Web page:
In a recent decision, the Washington County Court of Common Pleas granted a landowner's request to terminate a ninety-one year old oil/gas lease due to non-production. In Wilson v. Equitable Gas Company, (No. 2009-6503 Washington County, August 31, 2011), the trial court held that a five-year gap in production was sufficient to automatically terminate the lease. As explained below, this decision could impact hundreds of non-producing leases across the Commonwealth.
The facts of the Wilson case are very common to many landowners in Pennsylvania. The Wilson family purchased a 197 acre farm in Amwell Township, Washington County in the late 1980's. The farm was subject to an old gas lease originally signed back in 1920 ("1920 Lease"). At the time the Wilsons bought the farm, there was a single, shallow well on the property that produced modest royalties. No gas, however, was produced between 2001 and 2006. Production was restored in 2006. In 2009, the Wilsons brought suit seeking cancellation of the 1920 Lease due to the complete cessation of production between 2001 and 2006. Interestingly, the well was producing gas at the time the suit was filed.
The 1920 Lease contained a typical habendum clause with a ten (10) year primary term. Following expiration of the ten (10) year primary term, the 1920 Lease would remain in effect "as long thereafter as oil or gas, or either of them, is produced from said land by the said party of the second part..." The Wilsons contended that the moment production ceased in 2001, the 1920 Lease automatically converted to a "tenancy at will" which they could terminate at any time. The trial court agreed and opined that:
Very good case, I looked at it in some detail at the Washington County Court house.
A decision of this variety occurs in virtually every jurisdiction in the U.S. It is commonly understood that you cannot breathe life into a dead lease. Once production in paying quantities ceases (except in limited circumstances where a lease provision or existing case law will give a lessee a reasonable amount of time to fix a mechanical problem that is considered as temporary in nature) you are toast. A five year cessation certainly wouldn't be construed as being a reasonable period of time.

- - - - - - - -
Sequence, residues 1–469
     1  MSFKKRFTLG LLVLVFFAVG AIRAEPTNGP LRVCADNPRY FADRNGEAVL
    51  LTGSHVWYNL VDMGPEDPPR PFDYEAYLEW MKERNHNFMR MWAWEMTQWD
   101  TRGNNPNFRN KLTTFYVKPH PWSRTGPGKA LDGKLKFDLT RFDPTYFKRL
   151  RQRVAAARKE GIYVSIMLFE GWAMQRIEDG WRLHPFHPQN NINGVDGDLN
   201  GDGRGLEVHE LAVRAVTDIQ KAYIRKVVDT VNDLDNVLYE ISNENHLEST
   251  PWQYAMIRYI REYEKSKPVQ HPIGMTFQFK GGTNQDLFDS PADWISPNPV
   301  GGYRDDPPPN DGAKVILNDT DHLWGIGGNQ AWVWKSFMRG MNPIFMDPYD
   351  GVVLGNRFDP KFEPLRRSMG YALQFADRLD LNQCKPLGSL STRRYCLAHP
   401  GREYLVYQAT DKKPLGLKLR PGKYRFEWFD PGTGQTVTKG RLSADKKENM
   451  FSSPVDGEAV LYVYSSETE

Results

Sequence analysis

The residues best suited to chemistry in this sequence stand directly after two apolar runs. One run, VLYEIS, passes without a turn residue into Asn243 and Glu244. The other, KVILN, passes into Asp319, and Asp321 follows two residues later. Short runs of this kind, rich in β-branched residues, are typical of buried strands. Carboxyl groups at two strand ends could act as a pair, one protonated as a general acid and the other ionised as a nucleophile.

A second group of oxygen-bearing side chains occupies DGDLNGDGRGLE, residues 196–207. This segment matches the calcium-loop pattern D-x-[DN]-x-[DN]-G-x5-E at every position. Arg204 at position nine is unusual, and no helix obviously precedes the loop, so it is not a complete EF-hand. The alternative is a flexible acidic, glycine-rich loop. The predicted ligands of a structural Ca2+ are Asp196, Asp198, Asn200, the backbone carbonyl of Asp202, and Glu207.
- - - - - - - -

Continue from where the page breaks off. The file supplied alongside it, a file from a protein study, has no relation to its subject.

I agree with you but Equitable gas certainly did not, but it sure is nice when the fight goes to court and becomes public and the land owner wins.
I think that this was a fair ruling provided that the landowner was not cashing royalty checks from 2006 through 2009 (between the restart of production and the suit being filed), if the landowners were accepting royalties then by accepting payment they were in fact agreeing to the terms of the lease.
I don't think it is a good idea to cash royalty checks if your well is not producing, but I don't beleive it is a deal breaker either. It all comes down to production, if it stops producing gas, the lease ends. And just cause they say it is producing and send you a little check every month does not mean it is producing. BTW I am in no means an expert in any of these fields.
Here is an exerpt from the following link challenging your claim in Ohio
Arguments will likely be made that if a landowner is currently accepting
royalty payments under a lease, the lease is ratified and still a valid lease. In
Litton v. Geisler
, the Fourth Appellate District Court noted that, “[i]t is rather
universally held that acceptance of rents or royalties under an oil and gas lease
such as the one here under consideration is a waiver of forfeiture for breach of
any covenant or condition for which such rents or royalties are paid.”
Bonner Farms Ltd. v. Fritz, the United States Court of Appeals for
the Sixth Circuit rejected this argument in its analysis of Ohio law.
17 In that
case, it was argued that the landowners’ acceptance of royalty payments ratified
a lease that had not been producing. The court disagreed and held that the
landowner was already entitled to payment from mineral interest that he owned
and therefore his actions did not constitute ratification. The court stated that
“before a party is estopped by the receipt of benefits from a transaction to deny
the validity of the transaction it must initially appear that he is not otherwise
entitled to those benefits.”
18 If the landowner accepted free gas or rental
payments under the lease, the estoppel claim would have been valid.
Possibly not if the land owner does not have the royalties (he made have sold the royalty to a specific well or wells) in that case it would be possible to be getting a royalty check which would be directed by division orders, but not as the land owner legally owning the royalty.